May 2001

From University of Pittsburgh Medical Center

University of Pittsburgh researchers identify subtype of cell that promotes organ transplant acceptance

CHICAGO, May 15 -- In one of the few studies of its kind, researchers from the University of Pittsburgh's Thomas E. Starzl Transplantation Institute have found that a subtype of dendritic cell plays a key role in preventing organ rejection and may be associated with transplant tolerance, the long-term survival of a transplanted organ without the need for immunosuppressant drugs.

Researchers will now be looking to see if the same cells are present in liver and kidney transplant recipients who have been successfully weaned off immunosuppression, patients who are essentially tolerant of their organs.

The findings are significant because dendritic cells, a rare type of white blood cell that is present in all tissues, have been thought only to be involved in prompting the rejection process, reported Peta J. O'Connell, Ph.D., at Transplant 2001, the joint meeting of the American Society of Transplantation (AST) and the American Society of Transplant Surgeons.

Dendritic cells are known for their ability to identify and present antigens, or foreign substances, to other immune system cells that are programmed to destroy the antigen. But according to Dr. O'Connell, some dendritic cells apparently regulate the immune response, determining that a frontline attack by T cells can be unwarranted.

Dr. O'Connell, a visiting research instructor working with Angus W. Thomson, Ph.D., D.Sc., reported that a pre-transplant infusion of lymphoid dendritic cell subtypes derived from tissue such as the spleen, allowed for prolonged survival in a mouse heart transplant model, even without the use of drugs to control rejection. In contrast, myeloid dendritic cells accelerated the rejection response.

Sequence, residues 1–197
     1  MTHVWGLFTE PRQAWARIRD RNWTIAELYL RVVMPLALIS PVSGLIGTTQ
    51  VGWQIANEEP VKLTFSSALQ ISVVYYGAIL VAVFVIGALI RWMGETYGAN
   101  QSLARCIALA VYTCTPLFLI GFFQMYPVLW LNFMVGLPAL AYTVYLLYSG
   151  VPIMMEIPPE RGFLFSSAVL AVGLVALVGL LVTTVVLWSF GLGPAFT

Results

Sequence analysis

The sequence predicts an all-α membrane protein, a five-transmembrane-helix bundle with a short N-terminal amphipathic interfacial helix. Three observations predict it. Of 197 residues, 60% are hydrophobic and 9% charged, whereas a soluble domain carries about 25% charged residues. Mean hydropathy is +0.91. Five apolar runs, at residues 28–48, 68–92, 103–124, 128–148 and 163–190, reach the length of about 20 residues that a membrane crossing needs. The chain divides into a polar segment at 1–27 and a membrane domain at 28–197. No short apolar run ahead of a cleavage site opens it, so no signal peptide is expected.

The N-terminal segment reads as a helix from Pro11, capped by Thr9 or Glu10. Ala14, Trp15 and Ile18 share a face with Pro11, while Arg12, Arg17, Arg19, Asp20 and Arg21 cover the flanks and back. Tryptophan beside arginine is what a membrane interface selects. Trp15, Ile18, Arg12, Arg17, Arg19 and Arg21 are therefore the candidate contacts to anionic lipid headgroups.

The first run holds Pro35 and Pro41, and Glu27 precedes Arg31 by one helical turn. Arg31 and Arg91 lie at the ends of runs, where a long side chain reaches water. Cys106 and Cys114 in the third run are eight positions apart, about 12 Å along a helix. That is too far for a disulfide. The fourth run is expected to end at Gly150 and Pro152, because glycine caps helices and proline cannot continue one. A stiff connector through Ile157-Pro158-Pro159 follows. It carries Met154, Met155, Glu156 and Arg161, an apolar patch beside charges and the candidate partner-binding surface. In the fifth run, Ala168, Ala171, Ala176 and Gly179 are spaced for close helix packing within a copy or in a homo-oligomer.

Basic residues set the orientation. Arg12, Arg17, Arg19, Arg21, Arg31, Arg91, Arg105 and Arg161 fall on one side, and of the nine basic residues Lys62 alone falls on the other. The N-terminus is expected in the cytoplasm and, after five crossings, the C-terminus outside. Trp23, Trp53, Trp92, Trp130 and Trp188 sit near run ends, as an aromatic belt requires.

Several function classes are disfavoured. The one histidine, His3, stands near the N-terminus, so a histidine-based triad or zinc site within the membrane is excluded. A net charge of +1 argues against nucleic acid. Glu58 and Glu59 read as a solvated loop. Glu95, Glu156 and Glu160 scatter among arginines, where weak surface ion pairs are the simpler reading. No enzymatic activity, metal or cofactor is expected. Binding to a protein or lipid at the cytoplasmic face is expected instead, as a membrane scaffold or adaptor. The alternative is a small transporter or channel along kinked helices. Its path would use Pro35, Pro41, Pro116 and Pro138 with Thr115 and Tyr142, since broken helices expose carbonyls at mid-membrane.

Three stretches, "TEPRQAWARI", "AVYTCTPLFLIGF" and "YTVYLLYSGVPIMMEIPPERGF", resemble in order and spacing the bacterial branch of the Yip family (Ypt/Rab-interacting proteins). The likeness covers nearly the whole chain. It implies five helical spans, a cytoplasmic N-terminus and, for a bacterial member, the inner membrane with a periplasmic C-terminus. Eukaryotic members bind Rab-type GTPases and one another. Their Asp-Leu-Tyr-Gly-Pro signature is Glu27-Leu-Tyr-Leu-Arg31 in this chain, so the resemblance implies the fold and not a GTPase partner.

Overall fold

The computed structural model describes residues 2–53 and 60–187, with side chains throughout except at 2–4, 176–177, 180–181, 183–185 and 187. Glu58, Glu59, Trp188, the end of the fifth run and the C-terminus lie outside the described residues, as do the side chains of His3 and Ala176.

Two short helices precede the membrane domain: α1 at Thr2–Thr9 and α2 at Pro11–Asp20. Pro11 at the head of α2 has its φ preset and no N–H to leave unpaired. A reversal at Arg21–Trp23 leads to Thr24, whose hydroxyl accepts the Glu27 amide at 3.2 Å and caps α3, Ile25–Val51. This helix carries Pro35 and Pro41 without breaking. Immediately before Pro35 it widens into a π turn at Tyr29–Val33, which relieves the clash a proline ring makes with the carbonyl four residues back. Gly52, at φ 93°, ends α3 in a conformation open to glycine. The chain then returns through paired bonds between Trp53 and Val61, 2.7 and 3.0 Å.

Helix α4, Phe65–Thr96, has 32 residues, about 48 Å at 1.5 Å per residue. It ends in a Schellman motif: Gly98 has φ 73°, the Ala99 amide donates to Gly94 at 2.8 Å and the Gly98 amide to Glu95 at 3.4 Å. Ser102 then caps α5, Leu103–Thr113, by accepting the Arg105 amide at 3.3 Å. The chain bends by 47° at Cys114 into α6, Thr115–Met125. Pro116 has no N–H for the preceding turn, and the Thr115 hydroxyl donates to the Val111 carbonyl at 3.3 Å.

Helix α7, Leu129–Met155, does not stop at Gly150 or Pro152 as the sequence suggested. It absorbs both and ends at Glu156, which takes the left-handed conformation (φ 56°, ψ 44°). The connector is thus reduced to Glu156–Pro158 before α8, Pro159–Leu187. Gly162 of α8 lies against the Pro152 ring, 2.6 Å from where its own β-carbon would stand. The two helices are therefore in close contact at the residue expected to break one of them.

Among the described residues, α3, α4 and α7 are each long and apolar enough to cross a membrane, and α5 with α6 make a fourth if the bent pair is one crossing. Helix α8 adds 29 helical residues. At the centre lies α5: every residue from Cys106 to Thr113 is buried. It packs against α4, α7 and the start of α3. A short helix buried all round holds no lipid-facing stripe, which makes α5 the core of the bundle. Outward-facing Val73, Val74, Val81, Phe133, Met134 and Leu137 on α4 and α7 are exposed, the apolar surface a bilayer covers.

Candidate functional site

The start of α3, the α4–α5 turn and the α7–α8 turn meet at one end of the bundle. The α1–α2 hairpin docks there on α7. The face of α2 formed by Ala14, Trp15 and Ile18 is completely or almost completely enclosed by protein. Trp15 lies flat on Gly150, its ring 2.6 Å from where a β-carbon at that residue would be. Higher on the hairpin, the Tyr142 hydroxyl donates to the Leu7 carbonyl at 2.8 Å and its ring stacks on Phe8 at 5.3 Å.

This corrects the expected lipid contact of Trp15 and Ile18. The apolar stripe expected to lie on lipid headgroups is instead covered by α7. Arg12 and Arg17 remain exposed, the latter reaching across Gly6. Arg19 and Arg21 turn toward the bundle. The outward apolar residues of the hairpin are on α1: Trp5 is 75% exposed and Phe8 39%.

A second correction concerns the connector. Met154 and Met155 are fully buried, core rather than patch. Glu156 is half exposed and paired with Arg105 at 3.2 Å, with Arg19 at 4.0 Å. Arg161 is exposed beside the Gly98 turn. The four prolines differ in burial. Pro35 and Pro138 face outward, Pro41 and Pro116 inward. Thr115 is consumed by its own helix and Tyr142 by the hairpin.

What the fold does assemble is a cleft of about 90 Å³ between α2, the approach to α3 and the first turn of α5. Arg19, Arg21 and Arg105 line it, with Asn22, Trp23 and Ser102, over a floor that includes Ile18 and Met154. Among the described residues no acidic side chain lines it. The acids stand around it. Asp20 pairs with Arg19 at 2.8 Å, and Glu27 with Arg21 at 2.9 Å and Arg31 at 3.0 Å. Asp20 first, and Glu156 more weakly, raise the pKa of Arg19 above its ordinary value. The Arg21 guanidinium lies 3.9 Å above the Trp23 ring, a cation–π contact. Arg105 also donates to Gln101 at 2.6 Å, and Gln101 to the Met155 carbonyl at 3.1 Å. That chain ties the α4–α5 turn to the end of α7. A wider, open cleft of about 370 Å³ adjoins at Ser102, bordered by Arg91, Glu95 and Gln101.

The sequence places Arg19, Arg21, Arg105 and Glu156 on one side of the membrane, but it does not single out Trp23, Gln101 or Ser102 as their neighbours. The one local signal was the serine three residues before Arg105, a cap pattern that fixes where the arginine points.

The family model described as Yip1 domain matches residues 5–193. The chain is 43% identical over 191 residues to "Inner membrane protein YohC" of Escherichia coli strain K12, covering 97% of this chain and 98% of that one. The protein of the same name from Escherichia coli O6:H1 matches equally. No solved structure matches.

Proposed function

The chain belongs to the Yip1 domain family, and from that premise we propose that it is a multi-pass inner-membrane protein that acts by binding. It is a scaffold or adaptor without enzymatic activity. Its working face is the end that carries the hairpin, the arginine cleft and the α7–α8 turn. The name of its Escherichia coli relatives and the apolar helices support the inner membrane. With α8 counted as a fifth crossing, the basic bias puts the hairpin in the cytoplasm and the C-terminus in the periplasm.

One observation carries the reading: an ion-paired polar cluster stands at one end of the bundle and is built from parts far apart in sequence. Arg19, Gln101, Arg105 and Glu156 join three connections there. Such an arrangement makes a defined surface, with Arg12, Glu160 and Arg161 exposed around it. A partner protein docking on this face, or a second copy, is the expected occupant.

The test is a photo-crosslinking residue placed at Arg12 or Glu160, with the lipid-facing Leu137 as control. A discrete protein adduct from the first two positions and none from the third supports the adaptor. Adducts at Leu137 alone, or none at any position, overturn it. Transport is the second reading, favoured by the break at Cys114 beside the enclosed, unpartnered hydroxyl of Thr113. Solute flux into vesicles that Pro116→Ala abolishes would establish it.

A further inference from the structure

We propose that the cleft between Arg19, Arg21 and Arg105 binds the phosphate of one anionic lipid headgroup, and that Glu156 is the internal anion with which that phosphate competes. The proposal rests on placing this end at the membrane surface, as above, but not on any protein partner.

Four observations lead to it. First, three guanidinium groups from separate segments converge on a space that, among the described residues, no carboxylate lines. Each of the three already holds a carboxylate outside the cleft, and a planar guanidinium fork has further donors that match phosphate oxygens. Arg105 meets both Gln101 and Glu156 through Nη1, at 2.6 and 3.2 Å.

"The lymphoid-derived dendritic cells somehow disarm immune system T cells from doing their part to attack the donor organ possibly by causing either their death or limiting their proliferation," explained Dr. O'Connell, who received an AST Young Investigator's Award for her work.

Based on these studies, the researchers plan to see if these "good" dendritic cells are present in liver and kidney transplant recipients who are off all immunosuppression as part of a larger effort to identify laboratory profiles and tests consistent with tolerance.

Through the Immune Tolerance Network, an ambitious undertaking supported by the National Institutes of Health and Juvenile Diabetes Foundation International, Dr. Thomson and Adriana Zeevi, Ph.D., are leading this unique study to better understand the specific immunological process that occurs in transplant patients who are off all drugs. Specifically, Drs. Thomson and Zeevi are looking at the role of dendritic cells in tolerance as well as key regulatory proteins within the immune system, where small changes in the code may reveal a patient's potential for rejection.

"This will provide a 'roadmap' for clinicians, to help identify those for whom immunosuppression can be safely withdrawn," said Dr. Thomson, professor of surgery and molecular genetics and biochemistry at the University of Pittsburgh School of Medicine and the Thomas E. Starzl Transplantation Institute.

"We'd like to identify the cellular and molecular clues so that assays, or very simple laboratory tests, can be developed that would be predictive of tolerance," added Dr. Zeevi, professor of pathology and surgery at Pitt's School of Medicine and the Starzl Transplant Institute.

CONTACT: Lisa Rossi (Cell-412-916-3315)
Maureen McGaffin
PHONE: 412-647-3555
FAX: 412-624-3184

This article comes from Science Blog. Copyright 2004

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